Austrian sculptor and ceramist Josef Lorenzl (1892-1950) is remembered for his delicate and whimsical bronze and ivory sculptures and figurines, which are considered exemplars of Austrian Art Deco sculpture .
Born in 1892 in Vienna, Lorenzl apprenticed at a foundry at the military storage complex Vienna Arsenal, where he became skilled in bronze casting. Rather than working in traditional metalwork industries such as construction, Lorenzl turned his hand to sculpture. His work celebrated the female form, depicting graceful dancers. Like his contemporaries Ferdinand Preiss (1882-1943) and Demetre Chiparus (1886-1947), Lorenzl’s figurines were either made in bronze or chryselephantine, which is a combination of various materials in sculpture including, ivory, bronze, gold, and silver.
Early in his career, Lorenzl began working for the Austrian ceramics company Goldscheider, alongside Stephan Dakon (1904-1992). By the 1930s, both artists were the principal designers at Goldscheider.
Notable designs for Goldscheider include Captured Bird (c. 1922)—often referred to as Butterfly Wings—modeled after the 1920s actress and dancer Niddy Impekoven; the Egyptian Dancer (1922), also known as Odalisque, which represents a temple dancer from Verdi's Aida; and the Arabian Dancer (c. 1925). From the mid-1920s, Lorenzl began to focus more on nude sculptures, a change from his earlier designs which generally featured clothed women, in dancers’ dress, for which he is best known.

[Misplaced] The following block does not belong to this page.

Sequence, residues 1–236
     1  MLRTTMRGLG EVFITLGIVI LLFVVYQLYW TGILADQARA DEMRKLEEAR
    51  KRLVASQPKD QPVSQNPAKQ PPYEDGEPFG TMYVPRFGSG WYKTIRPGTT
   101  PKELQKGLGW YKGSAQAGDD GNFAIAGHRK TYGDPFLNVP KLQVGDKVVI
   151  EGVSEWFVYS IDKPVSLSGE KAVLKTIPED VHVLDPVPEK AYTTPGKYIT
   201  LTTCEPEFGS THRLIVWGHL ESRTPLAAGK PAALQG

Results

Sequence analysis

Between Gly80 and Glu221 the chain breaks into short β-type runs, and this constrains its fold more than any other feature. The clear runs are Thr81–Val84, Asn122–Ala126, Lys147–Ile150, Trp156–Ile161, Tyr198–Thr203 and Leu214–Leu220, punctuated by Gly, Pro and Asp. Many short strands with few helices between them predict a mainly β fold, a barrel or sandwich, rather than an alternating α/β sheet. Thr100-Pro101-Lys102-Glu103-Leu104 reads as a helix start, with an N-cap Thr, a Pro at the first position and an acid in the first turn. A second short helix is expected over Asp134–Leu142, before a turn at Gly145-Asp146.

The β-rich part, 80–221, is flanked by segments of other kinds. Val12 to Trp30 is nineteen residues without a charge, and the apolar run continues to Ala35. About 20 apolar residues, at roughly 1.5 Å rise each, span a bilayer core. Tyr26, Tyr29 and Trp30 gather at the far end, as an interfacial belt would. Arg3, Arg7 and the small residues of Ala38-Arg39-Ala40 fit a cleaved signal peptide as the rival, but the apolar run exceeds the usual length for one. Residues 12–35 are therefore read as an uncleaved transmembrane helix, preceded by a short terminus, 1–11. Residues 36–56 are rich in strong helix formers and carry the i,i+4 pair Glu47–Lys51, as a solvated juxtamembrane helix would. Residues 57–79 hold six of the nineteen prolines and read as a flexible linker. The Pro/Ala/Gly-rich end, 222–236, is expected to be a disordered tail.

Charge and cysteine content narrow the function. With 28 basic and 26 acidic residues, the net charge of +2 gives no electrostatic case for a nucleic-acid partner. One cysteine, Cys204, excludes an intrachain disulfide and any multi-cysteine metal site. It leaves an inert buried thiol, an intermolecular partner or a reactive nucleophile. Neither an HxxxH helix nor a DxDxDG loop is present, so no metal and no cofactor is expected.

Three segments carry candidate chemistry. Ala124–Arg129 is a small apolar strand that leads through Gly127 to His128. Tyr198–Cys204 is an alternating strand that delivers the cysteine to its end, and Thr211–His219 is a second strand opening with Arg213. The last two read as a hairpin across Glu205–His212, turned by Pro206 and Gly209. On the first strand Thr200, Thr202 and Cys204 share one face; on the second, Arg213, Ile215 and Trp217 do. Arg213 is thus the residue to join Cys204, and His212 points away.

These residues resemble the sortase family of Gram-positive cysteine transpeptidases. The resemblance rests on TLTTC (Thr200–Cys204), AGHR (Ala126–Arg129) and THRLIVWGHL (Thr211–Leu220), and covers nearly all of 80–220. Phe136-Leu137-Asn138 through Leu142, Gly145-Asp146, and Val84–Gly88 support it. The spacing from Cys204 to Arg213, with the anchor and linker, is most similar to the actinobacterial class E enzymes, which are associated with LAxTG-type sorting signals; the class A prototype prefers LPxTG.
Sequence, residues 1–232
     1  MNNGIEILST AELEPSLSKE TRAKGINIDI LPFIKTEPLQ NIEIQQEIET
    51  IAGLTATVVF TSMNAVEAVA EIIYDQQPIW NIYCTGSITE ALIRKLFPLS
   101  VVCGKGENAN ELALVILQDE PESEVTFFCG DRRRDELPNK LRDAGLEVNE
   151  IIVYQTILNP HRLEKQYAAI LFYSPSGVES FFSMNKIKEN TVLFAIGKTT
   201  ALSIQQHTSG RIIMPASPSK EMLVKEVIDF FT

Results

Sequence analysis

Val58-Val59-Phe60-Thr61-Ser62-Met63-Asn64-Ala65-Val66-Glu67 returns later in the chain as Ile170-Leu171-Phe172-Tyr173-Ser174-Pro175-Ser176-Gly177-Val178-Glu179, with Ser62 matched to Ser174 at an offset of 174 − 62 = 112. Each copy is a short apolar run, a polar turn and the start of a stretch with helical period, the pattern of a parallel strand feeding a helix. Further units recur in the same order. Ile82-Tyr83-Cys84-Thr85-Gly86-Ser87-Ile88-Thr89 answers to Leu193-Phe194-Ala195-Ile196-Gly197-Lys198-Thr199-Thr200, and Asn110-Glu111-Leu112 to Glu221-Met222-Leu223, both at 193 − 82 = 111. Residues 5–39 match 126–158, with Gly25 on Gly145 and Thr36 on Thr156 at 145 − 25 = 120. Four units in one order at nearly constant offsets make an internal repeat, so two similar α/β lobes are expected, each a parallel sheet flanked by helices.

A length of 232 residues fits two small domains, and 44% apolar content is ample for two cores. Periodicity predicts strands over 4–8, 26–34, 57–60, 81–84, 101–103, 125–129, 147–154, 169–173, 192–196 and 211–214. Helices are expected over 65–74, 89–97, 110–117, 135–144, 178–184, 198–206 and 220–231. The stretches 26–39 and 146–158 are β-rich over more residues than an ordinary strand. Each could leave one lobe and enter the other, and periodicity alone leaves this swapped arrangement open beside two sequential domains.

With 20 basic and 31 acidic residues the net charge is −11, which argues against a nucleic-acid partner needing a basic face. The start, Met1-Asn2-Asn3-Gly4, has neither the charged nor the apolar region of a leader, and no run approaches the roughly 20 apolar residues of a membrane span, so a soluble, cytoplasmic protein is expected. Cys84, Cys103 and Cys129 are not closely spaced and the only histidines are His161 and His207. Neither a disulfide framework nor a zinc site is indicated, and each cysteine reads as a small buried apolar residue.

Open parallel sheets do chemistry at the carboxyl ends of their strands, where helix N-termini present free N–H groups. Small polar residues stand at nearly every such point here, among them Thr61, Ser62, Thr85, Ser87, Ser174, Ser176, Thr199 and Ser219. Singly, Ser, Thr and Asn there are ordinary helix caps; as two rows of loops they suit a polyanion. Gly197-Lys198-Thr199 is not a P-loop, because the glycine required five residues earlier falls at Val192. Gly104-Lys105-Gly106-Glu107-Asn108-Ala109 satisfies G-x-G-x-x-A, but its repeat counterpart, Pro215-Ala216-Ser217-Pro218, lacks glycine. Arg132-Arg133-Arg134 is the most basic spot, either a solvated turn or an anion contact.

Over the course of his career, Lorenzl also worked for the Viennese companies Keramos, Wiener Kunstkeramik, and Porzellanmanufaktur AG, as well as the German firms Hertwig and Cortendorf.
Lorenzl passed away in 1950 in Vienna. It is rumored that after his death, Lorenzl’s wife Anna destroyed a large number of his sculptures. Most of his surviving pieces are signed either ‘Lor’ or ‘Enzl’, with some signed ‘Crejo’, after the painter who, for a period, worked alongside the sculptor, adding delicate gold and silver “filigree” paintwork to the bronze figurines. It is these rare Lorenzl-Crejo collaborations that are particularly sought-after by collectors.